Clock History: An Overview
When I first started
, I naturally became interested in clock history. It started gradually, with someone asking me a question about one of my clocks on the wall or shelf. After this happened several times, I found myself curious, and started reading books about the history of clocks. I read everything I could get my hands on, but couldn't find enough sources for clock history in the normal book stores or library.
Years later, when I started my apprenticeship in a clock shop in Arizona, I struck the mother lode of clock history books that the owner had collected. I read many of these books in my free time over the next couple of years. Although I learned a lot, the idea slowly formed in my mind that I had just scratched the surface. The short history of clocks appearing here is by no means intended as a complete study of horology. It is intended as an overview for clock owners and collectors who are interested in knowing more about their clocks.
..... In The Beginning
Very little is known about the origins of time keeping before the existence of the written word. We do know, however, that people in ancient times were already struggling with the concept of passing time. This is known because, by the advent of written history, every civilization already had some way of measuring time. The celestial bodies of the Sun, Moon, Planets, and Stars were most likely the first method that ancient civilizations used to measure the passing of time. They could count the days, months, seasons, and years without any other 'machinery' being used. At that time, nothing else was needed. People worked during daylight and slept at night. Nothing ran on a schedule -- no one even knew what a minute or an hour was. When we think of a day today, it is automatically thought of as 24 hours with each hour containing 60 minutes, and each minute containing 60 seconds. As basic as these measurements are today, they are all just man made intervals that would have meant very little to a society without a clock.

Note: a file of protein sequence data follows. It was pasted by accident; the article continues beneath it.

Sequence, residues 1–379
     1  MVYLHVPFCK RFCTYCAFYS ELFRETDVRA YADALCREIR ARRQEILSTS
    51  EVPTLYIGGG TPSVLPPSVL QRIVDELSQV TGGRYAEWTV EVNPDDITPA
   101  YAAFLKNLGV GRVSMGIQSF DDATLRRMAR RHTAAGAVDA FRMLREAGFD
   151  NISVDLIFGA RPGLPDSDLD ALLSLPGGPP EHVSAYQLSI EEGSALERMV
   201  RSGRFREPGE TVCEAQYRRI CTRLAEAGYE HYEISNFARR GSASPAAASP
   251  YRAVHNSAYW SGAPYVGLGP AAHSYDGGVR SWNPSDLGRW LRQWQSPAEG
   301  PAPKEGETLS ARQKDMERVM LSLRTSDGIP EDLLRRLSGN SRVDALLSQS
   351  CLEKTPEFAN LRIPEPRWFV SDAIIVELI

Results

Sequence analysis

The Sun was a clock to our ancestors, so it stands to reason that one of the first known ways to tell time used the Sun. The sundial, or 'shadow clock' was discovered to have been in use in Egypt around 1500 BC. These early 'clocks' allowed the daylight to be divided into 'hours'. Other devices such as candle clocks, water clocks (or clepsydras ), sand glasses (or hourglasses), and oil lamps were all used at various times to tell time throughout clock history, some, such as the hour glass, until fairly modern times. Finally, probably late in the 13th century,a better way to tell time was starting to be developed.
Invention of the Clock
No one knows exactly when the first mechanical clock was made or by whom. Researchers say that they were probably first made late in the 13th century. This would seem to be confirmed with evidence that around 1283 church records in England were found to mention a clock in Dunstable Priory, Bedford. Most
early mechanical clocks